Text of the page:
Another noteworthy incident involved the Canadian media. When Canadian Olympic TV commentator Byron MacDonald thought his microphone was off, he insulted a Chinese athletic swimmer and caused outrage on Weibo. The presenter apologized shortly after.

The list does not end here. Back in January of this year, 16-year-old Taiwanese K-pop singer Chou Tzuyu got into trouble for waving a Taiwanese flag on a Korean reality show. Netizens criticized the singer for supporting Taiwan’s independence by waving the flag, which prompted Chou to release a video on the eve of Taiwan’s presidential elections to apologize for her actions.

chou

Later in April, two cast members from No Other Love, a popular Chinese romantic film, also got into trouble for “insulting” China. Taiwanese lead actor Leon Dai was even removed from the film for his alleged support to the Taiwanese independence movement. American-born Japanese actress Kiko Mizuhara was criticized for being anti-Chinese for liking an Instagram photo that offended the Chinese.

_90427647_weibo

She later apologized in a 5-minute video on Weibo.

‘Apologize to China Contest’

According to some commentators, the sensitivity over “hurt feelings” sometimes becomes problematic. Last July, Japanese vlogger Kinoshita Yuka, known for eating large quantities of food on camera, came under fire after she posted a video of herself eating 137 bananas. Chinese netizens wondered if Kinoshita was eating bananas that originated from the Philippines, and if the 137 bananas were an allusion to China’s 1.37 billion population, as a revenge in reference to the South China Sea verdict.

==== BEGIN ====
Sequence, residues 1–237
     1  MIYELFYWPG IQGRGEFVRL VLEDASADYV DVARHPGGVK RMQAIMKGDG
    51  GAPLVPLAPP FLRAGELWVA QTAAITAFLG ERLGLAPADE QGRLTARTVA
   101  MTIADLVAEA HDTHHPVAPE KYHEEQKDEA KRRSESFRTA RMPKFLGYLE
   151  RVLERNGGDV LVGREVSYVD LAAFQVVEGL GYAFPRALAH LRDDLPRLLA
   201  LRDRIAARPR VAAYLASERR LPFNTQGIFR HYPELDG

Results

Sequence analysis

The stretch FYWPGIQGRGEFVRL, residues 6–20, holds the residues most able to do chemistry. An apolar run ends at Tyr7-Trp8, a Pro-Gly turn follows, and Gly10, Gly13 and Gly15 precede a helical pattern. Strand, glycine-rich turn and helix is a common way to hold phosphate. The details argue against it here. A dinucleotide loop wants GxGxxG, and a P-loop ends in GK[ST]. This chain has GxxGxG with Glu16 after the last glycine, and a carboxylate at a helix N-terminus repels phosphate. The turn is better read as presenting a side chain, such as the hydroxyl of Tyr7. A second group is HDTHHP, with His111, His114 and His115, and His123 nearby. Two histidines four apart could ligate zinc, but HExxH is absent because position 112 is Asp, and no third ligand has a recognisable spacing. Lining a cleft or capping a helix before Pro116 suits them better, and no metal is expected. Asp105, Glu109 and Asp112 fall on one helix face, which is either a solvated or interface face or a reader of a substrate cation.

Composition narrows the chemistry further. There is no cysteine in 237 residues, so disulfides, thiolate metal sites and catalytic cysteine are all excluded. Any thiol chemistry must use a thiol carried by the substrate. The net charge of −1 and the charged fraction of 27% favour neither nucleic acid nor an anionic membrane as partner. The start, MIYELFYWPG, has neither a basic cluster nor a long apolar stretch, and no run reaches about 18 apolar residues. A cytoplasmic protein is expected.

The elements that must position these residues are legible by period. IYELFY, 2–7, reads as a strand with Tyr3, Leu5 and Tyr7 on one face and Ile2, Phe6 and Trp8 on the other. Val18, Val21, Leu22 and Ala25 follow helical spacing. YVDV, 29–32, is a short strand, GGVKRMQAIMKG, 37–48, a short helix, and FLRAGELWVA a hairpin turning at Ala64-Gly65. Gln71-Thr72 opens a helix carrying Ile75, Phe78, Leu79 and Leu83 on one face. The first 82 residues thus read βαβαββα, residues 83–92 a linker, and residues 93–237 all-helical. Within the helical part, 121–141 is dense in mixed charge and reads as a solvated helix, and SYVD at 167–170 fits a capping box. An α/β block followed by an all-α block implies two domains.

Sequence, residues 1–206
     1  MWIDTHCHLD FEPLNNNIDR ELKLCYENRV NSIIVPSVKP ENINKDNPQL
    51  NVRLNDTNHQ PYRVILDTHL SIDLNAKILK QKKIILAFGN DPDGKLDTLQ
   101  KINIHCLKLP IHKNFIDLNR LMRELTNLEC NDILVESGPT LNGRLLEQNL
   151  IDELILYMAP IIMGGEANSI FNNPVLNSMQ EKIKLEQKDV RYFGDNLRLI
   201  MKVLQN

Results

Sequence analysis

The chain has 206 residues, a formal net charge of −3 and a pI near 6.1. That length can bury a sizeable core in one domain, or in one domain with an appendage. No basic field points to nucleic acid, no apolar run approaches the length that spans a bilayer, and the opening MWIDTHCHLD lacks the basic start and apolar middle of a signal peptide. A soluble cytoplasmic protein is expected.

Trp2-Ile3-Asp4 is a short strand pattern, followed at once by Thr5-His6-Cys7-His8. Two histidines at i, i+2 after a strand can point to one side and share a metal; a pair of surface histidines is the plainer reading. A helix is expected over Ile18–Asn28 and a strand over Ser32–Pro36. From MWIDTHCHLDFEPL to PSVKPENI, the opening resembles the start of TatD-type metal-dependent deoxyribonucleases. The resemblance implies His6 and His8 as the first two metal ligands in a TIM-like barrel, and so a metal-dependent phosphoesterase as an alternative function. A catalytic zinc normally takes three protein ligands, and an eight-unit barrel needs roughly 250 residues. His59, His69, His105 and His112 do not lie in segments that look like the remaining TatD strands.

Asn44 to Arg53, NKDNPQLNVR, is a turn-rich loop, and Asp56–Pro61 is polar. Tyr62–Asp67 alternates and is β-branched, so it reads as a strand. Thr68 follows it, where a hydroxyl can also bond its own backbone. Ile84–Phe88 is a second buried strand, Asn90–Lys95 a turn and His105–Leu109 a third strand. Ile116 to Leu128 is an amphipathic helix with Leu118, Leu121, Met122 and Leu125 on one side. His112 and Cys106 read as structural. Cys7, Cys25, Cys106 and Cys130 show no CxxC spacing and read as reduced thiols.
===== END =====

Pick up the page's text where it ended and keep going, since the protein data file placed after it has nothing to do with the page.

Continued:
imgres

The YouTube video soon triggered another war of words between Chinese and foreign netizens, as many Chinese netizens viewed the act as a deliberate insult aimed at China .

One comment read: “At a sensitive time like this, you release this video of you eating 137 Philippine-grown bananas to insult the Chinese, are you dumb? Do you think the Chinese are easily bullied?”

In the same month, Lady Gaga caused a ‘bad romance’ between herself and China after she met with the Dalai Lama. For many netizens, it marked the end of her career in China: “I like your songs, but I choose my country over you.”

Seeing this trend of Chinese people easily getting their “feelings hurt”, an activist in Taiwan named Wang Yikai started an “Apologize to China” contest in the summer of 2016. The contest soon went viral and attracted the attention of netizens from all over the world, including from China.